to plant any trees.
WORKSHOP (Tuesday DEC 4th 6.30pm- 9.00pm)
At this workshop we concentrated on treecreeper and tawny owl. We split into
small groups each tasked with finding out about a particular aspect of each
bird. We then shared our findings with the whole group. Richard
Baines compiled the following report based on what we discovered.
This report has been compiled by
Richard Baines from notes and research by members of the Humber Bridge Country
Park Breathing Spaces Group taken at the Dec 07 meeting.
This is the
second of several summaries designed to help the group highlight aspects of
individual species requirements and the link to management tasks we have
discussed at the Humber Bridge Country Park.
Species Notes from the 4th December Meeting
caught and ringed at Flamborough 2004
treecreeper has many colloquial names throughout regions of England. Many of
these are based on its habit of climbing up the main trunk of a tree in search
of insects like a mouse, hence the names tree mouse from Somerset and creepy
tree from Yorkshire. Treecreepers breed in every county of the British Isles
except Orkney and Shetland. They nest in well developed woodland nesting in any
species of broad leaved tree behind large crevices or gaps in the bark or behind
Ivy. Their nest is made of loose moss, roots and dried grass on a base of small
twigs. They are particularly fond of large open bark trees such as Wellingtonia.
their way up the trunk in short jerks of ten moving sideways and always stiff to
the bark supported by its tail held against the trunk. As these birds work their
way to the top and outer smaller branches they complete their feeding cycle and
fly back to the base of a new tree to start upwards again. Their courtship
consists of a bat like flight and wing shivering.
It is thought
that as many as 3 million pairs of treecreepers breed in Europe. Largely
sedentary they rarely move more than 5km from their home woodland. There are
however a few records of Scandinavian birds arriving on the east coast of
Britain. Throughout Europe they have fairly large territories, a study in 1989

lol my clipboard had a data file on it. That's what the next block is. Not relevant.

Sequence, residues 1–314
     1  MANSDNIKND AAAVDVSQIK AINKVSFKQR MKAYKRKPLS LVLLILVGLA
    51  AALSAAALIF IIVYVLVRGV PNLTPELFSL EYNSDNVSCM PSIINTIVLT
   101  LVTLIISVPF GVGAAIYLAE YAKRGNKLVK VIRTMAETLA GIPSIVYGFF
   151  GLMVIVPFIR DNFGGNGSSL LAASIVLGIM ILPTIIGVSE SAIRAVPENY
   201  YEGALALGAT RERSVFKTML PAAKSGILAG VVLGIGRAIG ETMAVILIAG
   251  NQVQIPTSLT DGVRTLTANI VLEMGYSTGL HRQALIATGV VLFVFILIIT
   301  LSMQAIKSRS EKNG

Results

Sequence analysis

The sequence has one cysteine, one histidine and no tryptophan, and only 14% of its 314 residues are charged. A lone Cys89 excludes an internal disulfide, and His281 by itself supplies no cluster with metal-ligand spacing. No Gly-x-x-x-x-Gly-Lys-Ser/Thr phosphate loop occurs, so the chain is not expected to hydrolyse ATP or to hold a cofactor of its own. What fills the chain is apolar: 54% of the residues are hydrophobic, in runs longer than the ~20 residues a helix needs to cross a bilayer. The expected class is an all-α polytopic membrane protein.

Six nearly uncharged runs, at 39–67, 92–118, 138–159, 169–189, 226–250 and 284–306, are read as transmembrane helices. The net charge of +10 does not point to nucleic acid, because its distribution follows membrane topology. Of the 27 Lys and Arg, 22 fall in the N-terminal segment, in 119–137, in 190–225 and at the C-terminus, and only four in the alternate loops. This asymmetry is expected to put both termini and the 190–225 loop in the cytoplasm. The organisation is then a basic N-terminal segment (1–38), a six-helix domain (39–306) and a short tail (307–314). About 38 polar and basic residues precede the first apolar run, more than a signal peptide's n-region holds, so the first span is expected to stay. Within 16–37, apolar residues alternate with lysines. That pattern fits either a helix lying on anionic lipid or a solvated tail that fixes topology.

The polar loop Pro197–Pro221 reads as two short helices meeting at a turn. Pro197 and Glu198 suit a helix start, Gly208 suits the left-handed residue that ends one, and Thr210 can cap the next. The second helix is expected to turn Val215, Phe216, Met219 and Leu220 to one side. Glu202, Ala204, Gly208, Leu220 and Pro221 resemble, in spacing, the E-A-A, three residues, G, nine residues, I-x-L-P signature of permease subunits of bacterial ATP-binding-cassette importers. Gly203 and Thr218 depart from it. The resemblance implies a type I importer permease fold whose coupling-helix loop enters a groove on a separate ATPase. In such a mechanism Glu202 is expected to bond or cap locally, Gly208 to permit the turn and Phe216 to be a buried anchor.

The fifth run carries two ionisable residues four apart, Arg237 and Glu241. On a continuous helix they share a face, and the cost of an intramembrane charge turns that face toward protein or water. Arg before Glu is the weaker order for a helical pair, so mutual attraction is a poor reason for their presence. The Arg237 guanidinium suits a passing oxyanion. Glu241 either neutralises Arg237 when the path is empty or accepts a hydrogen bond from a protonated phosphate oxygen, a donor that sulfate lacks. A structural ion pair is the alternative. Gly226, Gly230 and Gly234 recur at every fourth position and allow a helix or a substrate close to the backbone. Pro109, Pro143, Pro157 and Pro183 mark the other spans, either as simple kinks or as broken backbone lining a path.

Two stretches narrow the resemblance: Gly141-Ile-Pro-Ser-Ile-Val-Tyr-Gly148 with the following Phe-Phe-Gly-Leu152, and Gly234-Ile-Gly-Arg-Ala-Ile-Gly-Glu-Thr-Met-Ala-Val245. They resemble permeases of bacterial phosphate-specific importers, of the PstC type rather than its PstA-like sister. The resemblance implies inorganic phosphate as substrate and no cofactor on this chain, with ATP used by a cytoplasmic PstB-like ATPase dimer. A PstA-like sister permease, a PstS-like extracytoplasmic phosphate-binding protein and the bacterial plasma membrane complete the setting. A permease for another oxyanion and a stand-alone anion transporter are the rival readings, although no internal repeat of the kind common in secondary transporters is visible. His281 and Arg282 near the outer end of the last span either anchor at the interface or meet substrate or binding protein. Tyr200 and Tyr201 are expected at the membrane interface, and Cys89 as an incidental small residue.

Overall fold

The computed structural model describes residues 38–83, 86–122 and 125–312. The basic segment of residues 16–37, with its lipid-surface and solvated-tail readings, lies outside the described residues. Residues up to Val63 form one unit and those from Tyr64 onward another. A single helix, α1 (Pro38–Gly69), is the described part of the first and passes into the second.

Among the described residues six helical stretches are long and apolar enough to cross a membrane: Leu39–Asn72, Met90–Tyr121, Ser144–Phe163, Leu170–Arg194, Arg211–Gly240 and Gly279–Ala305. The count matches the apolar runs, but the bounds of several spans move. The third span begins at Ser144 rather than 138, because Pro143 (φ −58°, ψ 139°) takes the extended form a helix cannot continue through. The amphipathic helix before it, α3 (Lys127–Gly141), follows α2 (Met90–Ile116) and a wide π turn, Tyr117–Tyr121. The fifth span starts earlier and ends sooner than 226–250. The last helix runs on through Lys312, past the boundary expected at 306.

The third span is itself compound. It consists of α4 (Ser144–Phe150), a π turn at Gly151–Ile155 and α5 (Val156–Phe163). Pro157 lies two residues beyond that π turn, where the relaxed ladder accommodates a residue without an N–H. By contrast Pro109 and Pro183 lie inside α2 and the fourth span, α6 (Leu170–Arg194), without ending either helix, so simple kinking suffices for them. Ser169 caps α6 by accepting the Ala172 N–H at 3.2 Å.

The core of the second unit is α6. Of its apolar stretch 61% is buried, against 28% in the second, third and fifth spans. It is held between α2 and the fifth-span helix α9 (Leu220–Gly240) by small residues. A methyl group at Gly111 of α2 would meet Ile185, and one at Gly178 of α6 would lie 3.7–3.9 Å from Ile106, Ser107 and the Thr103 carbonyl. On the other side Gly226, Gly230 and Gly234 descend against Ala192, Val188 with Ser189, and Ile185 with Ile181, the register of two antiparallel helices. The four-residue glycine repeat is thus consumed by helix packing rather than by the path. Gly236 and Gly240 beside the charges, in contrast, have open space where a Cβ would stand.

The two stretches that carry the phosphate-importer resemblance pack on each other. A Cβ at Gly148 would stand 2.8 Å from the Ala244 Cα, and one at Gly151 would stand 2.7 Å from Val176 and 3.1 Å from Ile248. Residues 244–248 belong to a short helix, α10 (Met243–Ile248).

found 9.2 territories /sqkm in an English woodland. Populations are known to
fluctuate depending upon severity of winters and particularly high rain fall can
cause problems as finding insects on trees becomes more difficult. In the Humber
Bridge Country Park survey 2004 a minimum of two territories were located. The
relatively young age of the woodland and consequently few large old trees may
indicate fewer opportunities for locating suitable nest sites. The breathing
spaces group are looking into the feasibility of making and erecting
specifically designed nest boxes.
Tawny Owl nest
site. The owl gives away its presence courtesy of a few misplaced feathers!
Tawny owls are
familiar birds of broadleaved and mixed woodland, fairly common from the open
countryside to the middle of towns and Cities. However, despite their widespread
population they are seldom seen most often only being heard. A highly nocturnal
owl they rarely show in daylight preferring to sit motionless and out of sight
hidden behind tight branches or foliage. One of the only ways to locate one is
to listen carefully for the sound of smaller birds mobbing an owl as they try to
move it on. They become aware of this big brown threat sitting within their
territory! The tawny owls familiarity brings many colloquial names from parts of
the UK most recalling the famous call; tawny hooting owl from Shropshire and
hill hooter from Cheshire being two typical names.
A common owl
throughout their Palearctic range they are found as far east as Asia, where the
identifiable race may be geographically separate from the western populations.
They are common in the UK but completely absent from Ireland. Throughout their
range they are highly sedentary. Young owls almost always establish a territory
close to their birth but have been recorded moving up to 10km. There was a
decline in the 19th Century due to human persecution, followed by
increases in the 20th Century.
These owls use
speed and silent flight as prime hunting weapons. They have two main hunting
peaks; before dawn and just after dusk, often resting in the total darkness of
night. Their prey is varied and consists of many small animals from birds to
amphibians, worms, insects, fish, small mammals and even bats.
They nest in
large holes or crevices in trees often where large branches have split or trees
have died and rotted still standing. They have also been known to use old
sparrowhawk nests. They commonly use large specifically designed nest boxes
which have been more successful where an old nest site has recently been
In the Humber
Bridge Country Park they have never been properly surveyed. The Breathing Spaces
group are looking into the feasibility of conducting a night time survey to
establish general data about numbers present in the Country Park. We are also
looking at building and erecting nesting boxes in some of the larger trees in
order to conserve the populations of owls in the woodland.